Listen to what Jesus said to them and to us: “Why are you troubled and why do doubts arise in your hearts? See my hands and my feet, that it is I myself. Touch me and see. For a spirit does not have flesh and bones as you see that I have. And when he had said this, he showed them his hands and his feet” (Luke 24:38-40). They were surely able to see the nail marks on His hands and feet and to touch Him. As Pastor French said so well in last week’s sermon, it wasn’t just doubting Thomas who needed some more proof. They all needed it and they had the chance to “touch and see” the living Lord Jesus.

Yet we read, “They still disbelieved for joy and were marveling” (24:41). There seems to have been belief and unbelief mixed together. Maybe it all seemed to be too good to be true. They were so surprised by the joy that Jesus really could be alive and standing before them. So, Jesus gave them another living proof. “He said to them, ‘Have you anything here to eat?’ They gave him a piece of broiled fish, and he took it and ate before them.’” A ghost or a figment of their imagination could not take and consume food until it was gone; but Jesus had done just that, because He was alive and with them (24:41-43. See also Luke 24:30-31 and John 21:-14).

       

Jesus gave one more living proof of the reality of all this and of His being alive. He pointed the disciples to the living Word of God, the Holy Scriptures. They already had the Old Testament Scriptures by the inspiration of God. And there were now also the very words and deeds of Jesus Himself. And there would soon be the New Testament Scriptures, written down as the Holy Spirit led these writers. Listen again to what Jesus said, “These are my words that I spoke to you while I was still with you, that everything written about me in the Law of Moses and the Prophets and the Psalms must be fulfilled. Then he opened their minds to understand the Scriptures, and said to them, ‘Thus it is written, that the Christ should suffer and on the third day rise from the dead’” (24:44-46). It is written! Jesus had to suffer and die to pay the penalty for all sins; and Jesus had to rise from the dead on the third day to show that he had conquered sin and Satan and death. And only then, Jesus says, can and will repentance and forgiveness of sins be proclaimed in His name to all nations.

This text closes with one more promise of Jesus. He said, “I am sending the promise of the Father upon you.” He is referring to the coming of the Holy Spirit, who proceeded from the Father and the Son, Jesus, and would empower the disciples to believe and proclaim and write down the Good News accurately, for the benefit of all people, including us today, every time we read or listen to God’s Word (24:49).

Finally, these disciples were understanding, as Jesus opened their minds to understand Scripture. God’s rescue plan for this sinful world had been there all along in the Old Testament - God’s working through the Jewish nation and finally through the coming of the promised Savior. God’s rescue plan was also there, all along, in the words and deeds and saving work of Jesus. Three times He had told them, very plainly, that he had to suffer and die and on the third day rise from the dead. The disciples really didn’t understand and believe it until now, when they saw their risen living Lord Jesus standing before them.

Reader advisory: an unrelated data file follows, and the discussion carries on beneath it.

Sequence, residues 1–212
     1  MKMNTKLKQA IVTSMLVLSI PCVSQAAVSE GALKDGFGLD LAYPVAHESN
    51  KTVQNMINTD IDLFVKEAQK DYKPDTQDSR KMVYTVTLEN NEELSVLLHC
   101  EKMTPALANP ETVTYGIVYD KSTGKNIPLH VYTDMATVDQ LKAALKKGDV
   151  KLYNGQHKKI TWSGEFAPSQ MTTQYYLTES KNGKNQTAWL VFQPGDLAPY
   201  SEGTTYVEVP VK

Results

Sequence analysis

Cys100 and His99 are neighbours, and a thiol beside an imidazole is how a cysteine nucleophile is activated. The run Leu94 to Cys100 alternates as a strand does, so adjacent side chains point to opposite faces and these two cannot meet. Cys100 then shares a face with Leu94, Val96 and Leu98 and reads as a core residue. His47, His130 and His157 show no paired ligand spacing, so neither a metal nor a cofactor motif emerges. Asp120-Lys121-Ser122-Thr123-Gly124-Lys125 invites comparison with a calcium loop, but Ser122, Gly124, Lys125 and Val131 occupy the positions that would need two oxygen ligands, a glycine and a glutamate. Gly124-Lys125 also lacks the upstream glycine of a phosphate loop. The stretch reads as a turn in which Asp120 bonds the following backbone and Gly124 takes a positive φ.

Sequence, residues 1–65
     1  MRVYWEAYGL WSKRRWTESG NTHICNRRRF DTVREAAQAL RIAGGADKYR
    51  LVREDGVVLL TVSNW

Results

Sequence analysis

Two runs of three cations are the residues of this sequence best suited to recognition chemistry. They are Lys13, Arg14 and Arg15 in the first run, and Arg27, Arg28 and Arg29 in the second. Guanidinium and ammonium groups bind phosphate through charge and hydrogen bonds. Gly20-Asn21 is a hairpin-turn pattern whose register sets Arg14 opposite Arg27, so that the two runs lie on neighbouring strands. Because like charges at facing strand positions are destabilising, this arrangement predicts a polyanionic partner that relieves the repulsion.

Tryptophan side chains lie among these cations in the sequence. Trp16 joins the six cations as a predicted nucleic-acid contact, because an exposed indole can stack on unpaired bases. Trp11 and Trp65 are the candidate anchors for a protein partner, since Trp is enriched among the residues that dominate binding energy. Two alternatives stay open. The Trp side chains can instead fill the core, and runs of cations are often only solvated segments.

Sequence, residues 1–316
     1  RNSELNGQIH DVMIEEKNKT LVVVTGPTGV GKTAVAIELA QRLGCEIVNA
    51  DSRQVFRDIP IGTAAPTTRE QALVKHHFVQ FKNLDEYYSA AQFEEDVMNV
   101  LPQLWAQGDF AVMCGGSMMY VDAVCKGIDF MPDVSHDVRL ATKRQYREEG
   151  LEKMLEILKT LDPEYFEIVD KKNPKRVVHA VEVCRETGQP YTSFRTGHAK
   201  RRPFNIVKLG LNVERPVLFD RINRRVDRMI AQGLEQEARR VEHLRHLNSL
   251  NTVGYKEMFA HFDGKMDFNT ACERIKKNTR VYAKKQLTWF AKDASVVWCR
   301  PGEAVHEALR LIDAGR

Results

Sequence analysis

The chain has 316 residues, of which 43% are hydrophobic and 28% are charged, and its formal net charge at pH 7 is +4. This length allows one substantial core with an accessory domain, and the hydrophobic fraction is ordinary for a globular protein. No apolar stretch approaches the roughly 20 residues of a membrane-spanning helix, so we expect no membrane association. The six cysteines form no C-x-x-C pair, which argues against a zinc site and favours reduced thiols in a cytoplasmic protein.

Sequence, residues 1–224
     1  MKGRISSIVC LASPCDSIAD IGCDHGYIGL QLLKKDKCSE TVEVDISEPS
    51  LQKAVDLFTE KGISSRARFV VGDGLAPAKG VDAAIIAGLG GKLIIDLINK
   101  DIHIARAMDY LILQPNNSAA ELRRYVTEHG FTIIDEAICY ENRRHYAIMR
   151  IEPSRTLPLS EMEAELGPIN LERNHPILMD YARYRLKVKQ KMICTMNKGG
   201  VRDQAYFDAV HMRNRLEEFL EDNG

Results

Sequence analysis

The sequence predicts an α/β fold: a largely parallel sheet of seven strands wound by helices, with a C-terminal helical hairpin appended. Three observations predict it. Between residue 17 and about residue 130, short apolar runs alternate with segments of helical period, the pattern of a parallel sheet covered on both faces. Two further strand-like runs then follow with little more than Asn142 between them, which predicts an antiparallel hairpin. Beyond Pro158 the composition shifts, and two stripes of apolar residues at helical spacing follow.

Earlier, Jesus had said, “You search the Scriptures because you think that in them you have eternal life; and it is they that bear witness about Me; yet you refuse to come to Me that you may have life” (John 5:39-40). Jesus is the key to the Scriptures and the center of them all. God’s rescue plan is in Jesus and is Jesus.

Now the disciples were understanding for themselves and trusting in Jesus as they should - as their Savior. They still had so much to learn; but they were beginning to understand their future mission too - just to tell the world about Jesus. Jesus had put it so simply in our text, “... that repentance and forgiveness of sins should be proclaimed in his [Jesus’s] name to all nations.” It was simply what we Lutherans call Law and Gospel. It is for all nations, because every single person in the world needs to hear that message and keep on hearing it, including you and me. It is a call to repentance, so that we realize that we are all sinners who cannot save ourselves and need rescue (the Law). It is then the sharing of the Good News of forgiveness and new and eternal life that comes only through Jesus (the Gospel). That is the message those disciples eventually went out and shared; and they never forgot this Easter evening story and the confidence and hope it gave them, in Jesus.